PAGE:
Food waste and loss play a major role in helping meet the UN Sustainable Development Goals (SDGs) by 2030 and the Paris Agreement on climate change. It will also prove instrumental in sustainably feeding growing populations by 2050.
The UN covers food waste and loss in SDG 12.3, which aims to “halve per capital global food waste at the retail and consumer levels and reduce food losses along production and supply chains, including post-harvest losses” by 2030.
The benefits of achieving this goal would be far-reaching, and include: closing the gap between food needed in 2050 and food available in 2010 by more than 20%; avoiding the need to convert an area of natural ecosystems roughly the side of Argentina into agricultural land; and lowering greenhouse gas (GHS) emissions by 1.5 gigatons of carbon dioxide equivalent per year.
However, acknowledging these facts is not enough. Companies and governments must take a ‘target-measure-act’ approach to tackling food waste, according to global research organisation World Resources Institute (WRI).
In its newly published report, Reducing Food Loss and Waste: Setting a Global Action Agenda, WRI has compiled a priority ‘to-do’ list for all actors in the supply chain.
Significantly, the organisation has taken this guidance a step further, WRI VP for food, forest, water & the ocean, Craig Hanson, told delegates at the World Food Summit last week. “We have come up with…ten scaling interventions,” he explained. “[A list of] ten things that we believe [could] help actually accelerate the pace and geographic spread of the ‘target-measure-act’ and…to-do lists for [all] actors.”
The scaling interventions are divided into three categories: three that take a whole supply chain approach, four that target specific hotspots of food loss and waste, and three than enhance enabling conditions for reducing food loss and waste.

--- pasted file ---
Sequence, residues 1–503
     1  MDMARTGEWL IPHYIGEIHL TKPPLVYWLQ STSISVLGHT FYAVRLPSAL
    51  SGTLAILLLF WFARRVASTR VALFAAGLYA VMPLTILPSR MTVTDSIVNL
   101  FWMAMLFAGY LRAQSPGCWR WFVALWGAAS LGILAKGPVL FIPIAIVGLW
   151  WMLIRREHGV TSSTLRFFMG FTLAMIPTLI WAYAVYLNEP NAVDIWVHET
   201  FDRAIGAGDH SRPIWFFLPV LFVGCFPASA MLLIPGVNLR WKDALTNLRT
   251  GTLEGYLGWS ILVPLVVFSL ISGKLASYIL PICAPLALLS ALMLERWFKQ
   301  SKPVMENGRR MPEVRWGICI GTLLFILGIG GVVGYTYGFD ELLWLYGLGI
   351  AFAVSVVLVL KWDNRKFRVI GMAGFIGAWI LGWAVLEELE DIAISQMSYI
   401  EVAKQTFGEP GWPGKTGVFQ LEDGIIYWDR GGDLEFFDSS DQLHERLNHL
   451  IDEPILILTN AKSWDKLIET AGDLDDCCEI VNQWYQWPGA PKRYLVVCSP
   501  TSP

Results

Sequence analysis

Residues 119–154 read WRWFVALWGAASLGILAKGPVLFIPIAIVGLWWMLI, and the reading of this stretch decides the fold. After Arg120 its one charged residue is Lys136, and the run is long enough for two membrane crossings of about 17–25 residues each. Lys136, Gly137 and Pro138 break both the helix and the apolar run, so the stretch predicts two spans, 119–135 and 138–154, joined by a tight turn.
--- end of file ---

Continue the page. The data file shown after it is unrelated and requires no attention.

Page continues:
The report comprises three key components:
1. Governments and companies should follow the ‘target-measure-act’ approach. This means adopting a target to halve food loss and waste by 2030, measuring how much and where food is being lost and wasted, and taking action on the ‘hotspots’.
2. ‘All actors’ in the food supply chain should kick-start their actions by pursuing a ‘to-do’ list tailored to their specific roles. WRI prioritises actions from the food production phase, through handling and storage, processing and packaging, distribution and market, to consumption.
These include: improving harvesting practices to maximize yield while minimising crop damage; improving handling practices during the loading and unloading of goods; and for households, buying only what is expected to be eating, checking the refrigerator and cupboards before shopping, using a shopping list, and planning meals in advance.
3. Governments and business leaders should pursue 10 ‘scaling interventions’ that have the potential to rapidly scale, accelerate, and broaden deployment of the target-measure-act approach and the actor-specific interventions.
#1. Develop national strategies for reducing food loss and waste
“Not all countries have developed national strategies and are taking [food loss] seriously,” Hanson told delegates. But developing such strategies can help align public policy, private sector action, and farmer-to-consumer behaviour towards a shared objective. “[Implementing] a national strategy won’t guarantee success,” he continued, “but it is a good step for getting that buy-in and [multisectoral] alignment.”
#2. Create national public-private partnerships
“We are big believers in keeping [focus] on this [food waste and loss] issue,” said Hanson. And countries are beginning to set up public-private partnerships dedicated to achieving SDG 12.3: “WRAP invented this in the UK, now the Dutch have it, the Danes are onto it, the Germans [as well].”
Hanson argued that if the 20 countries with the largest agricultural production get on board with public-private collaboration, it could ‘really drive change’.